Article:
Through the research lens

One more post before I draw a line under my work and prepare my self-assessment assignment.  I feel that this record of reflection would not be complete without blogging about how our two weeks of learning about research have now coloured how I look at all manner of new information, particularly the news.

In the Victoria News from Friday (August 3, 2012) I read about a U.Vic researcher who is looking for participants in her study on the effects of moderate exercise in the cognitive functioning of seniors.  As I read through the article, I was looking at her methodology, a topic that would have made my eyes glaze over just three weeks ago.  Sample size? 100 participants.  Selection criteria? The research is selecting her participants according to screening criteria, e.g. they can’t already be active for 150 minutes per week.  What kind of research? Mixed method, featuring quantitative testing and interviews.  Researcher bias? She has an interesting background in neuroscience and kinesiology.  Is that going to colour her interpretation of the results?  We’ll see.

And that’s just one article!  How will I cope with Dr. Art Hister on the Global Morning News, with his daily look at the latest health research?  I’m sure I’ll be running to the internet to look up the journal, or emailing Dr. Art myself to say, “What are your sources?”

I’m even planning to read one of my favourite books with my research cap on.  That would be Now you see it: The brain science of attention and how it will transform the way we live, work and learn, by Cathy N. Davidson (2011).  As the chair of English and interdisciplinary studies at Duke University, she *should* have some very solid research behind her claims.  I haven’t examined them with my research hat on yet, but it’s on my to-do list for the month of August.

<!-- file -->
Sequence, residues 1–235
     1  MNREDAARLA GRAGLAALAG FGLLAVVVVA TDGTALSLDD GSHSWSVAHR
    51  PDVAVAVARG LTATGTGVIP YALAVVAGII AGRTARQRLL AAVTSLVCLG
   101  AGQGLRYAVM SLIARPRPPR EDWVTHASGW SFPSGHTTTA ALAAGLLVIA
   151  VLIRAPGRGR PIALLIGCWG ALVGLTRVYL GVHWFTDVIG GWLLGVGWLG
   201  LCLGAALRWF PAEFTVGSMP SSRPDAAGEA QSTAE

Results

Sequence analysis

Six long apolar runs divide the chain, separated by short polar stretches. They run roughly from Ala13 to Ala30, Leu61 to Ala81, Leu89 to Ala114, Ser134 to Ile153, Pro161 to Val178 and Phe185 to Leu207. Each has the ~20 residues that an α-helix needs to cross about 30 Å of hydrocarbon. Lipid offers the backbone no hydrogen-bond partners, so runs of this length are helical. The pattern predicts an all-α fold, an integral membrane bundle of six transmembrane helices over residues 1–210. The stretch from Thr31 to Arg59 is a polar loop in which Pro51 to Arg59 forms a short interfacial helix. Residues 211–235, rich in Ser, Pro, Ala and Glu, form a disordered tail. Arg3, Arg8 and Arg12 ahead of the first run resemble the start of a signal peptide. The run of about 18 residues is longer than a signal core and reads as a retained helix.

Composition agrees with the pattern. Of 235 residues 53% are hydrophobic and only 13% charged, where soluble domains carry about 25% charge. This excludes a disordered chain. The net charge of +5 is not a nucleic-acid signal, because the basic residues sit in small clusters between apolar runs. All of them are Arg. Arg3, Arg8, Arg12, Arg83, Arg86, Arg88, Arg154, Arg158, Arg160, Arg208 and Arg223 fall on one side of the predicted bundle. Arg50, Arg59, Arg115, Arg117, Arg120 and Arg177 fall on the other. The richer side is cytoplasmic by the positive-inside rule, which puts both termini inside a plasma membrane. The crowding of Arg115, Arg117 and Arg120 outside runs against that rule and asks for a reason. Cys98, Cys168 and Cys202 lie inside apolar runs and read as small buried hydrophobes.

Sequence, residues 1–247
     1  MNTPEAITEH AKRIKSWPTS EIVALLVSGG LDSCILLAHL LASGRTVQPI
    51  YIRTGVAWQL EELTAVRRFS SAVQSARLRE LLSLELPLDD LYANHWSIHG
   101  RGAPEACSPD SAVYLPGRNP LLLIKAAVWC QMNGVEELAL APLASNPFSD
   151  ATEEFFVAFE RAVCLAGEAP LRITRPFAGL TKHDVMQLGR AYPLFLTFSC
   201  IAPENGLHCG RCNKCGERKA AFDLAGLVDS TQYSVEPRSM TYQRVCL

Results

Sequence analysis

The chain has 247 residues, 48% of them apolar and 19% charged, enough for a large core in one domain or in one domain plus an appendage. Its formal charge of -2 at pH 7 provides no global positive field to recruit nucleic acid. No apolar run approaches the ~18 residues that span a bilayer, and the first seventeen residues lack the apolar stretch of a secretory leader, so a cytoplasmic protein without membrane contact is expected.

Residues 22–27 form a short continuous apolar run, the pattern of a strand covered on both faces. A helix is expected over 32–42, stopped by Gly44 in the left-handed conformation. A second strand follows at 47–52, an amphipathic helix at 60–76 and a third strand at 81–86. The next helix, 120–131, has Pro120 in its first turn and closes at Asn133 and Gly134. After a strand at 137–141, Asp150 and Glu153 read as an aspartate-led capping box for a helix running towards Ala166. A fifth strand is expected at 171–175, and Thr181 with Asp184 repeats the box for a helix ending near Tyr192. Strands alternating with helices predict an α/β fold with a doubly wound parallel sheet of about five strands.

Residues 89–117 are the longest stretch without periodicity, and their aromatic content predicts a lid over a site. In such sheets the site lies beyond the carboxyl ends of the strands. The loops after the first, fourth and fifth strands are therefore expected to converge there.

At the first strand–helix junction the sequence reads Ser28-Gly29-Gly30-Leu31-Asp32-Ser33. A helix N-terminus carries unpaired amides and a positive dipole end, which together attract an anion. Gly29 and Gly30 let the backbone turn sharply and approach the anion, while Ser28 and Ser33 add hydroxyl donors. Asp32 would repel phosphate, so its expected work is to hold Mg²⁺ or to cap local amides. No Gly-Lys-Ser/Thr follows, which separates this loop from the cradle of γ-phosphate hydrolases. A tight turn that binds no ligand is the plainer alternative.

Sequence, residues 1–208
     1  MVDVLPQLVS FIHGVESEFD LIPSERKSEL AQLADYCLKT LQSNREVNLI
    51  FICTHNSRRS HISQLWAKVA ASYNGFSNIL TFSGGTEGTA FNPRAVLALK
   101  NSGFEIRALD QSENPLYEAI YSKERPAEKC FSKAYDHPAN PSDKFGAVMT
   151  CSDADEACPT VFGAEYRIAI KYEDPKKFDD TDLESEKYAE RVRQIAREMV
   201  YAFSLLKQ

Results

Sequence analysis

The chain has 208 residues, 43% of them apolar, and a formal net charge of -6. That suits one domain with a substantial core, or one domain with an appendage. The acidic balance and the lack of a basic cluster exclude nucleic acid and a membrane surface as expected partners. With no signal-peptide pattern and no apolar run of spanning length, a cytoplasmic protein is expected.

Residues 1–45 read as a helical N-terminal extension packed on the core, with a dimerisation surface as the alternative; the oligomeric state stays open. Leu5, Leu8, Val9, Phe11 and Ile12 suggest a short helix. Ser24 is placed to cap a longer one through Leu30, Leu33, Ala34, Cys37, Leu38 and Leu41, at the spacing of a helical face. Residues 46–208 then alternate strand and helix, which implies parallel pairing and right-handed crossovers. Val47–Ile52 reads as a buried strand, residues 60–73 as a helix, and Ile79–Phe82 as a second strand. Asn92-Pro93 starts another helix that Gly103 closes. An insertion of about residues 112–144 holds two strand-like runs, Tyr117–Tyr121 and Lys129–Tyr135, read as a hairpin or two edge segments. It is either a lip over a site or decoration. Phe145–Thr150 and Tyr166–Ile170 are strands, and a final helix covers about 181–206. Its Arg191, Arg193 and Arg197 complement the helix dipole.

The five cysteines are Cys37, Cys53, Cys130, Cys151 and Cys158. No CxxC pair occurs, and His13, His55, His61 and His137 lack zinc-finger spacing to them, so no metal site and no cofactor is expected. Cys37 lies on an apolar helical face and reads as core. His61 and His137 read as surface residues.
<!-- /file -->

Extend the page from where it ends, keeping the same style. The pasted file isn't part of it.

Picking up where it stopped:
Yes, this program has changed me already.  I hope Paul and my kids get used to seeing me with my nose in a book or in my laptop… Reference: Davidson, C.N. Now you see it: The brain science of attention and how it will transform the way we live, work and learn. (2011) New York, NY: Penguin.


A bit of applied research in our final days on campus

Which way should we go?It was Charmaine’s idea to get Bill and Lisa a gift. Very thoughtfully, she emailed the whole cohort for ideas… not realizing that Bill and Lisa were on the cohort list (sneaky of them!).  We had not even really decided on a present when Charmaine got a note back from Bill saying that he “couldn’t accept gifts from students”.  Was this the truth, or just a handy bit of “truthiness” created as a deflection?

About the same time, as we were discussing at my table what we might choose as a thank-you gift, John Dallas raised a similar point. “Do you think it might look like we are trying to buy their favour?  Maybe it’s a conflict of interest.”  Smart guy – that had never occurred to me.

What could we do?  Should we take Bill at his word and forgo any thank-you gift?  Should we go with our intuition (most of us are Ns, after all) and get something nice?  I decided to research the matter. I put together a quick question for an expert in the field of ethical process in post-secondary institutions, Colleen Hoppins.  I guess this would be a Delphi study of very limited scope and narrow focus.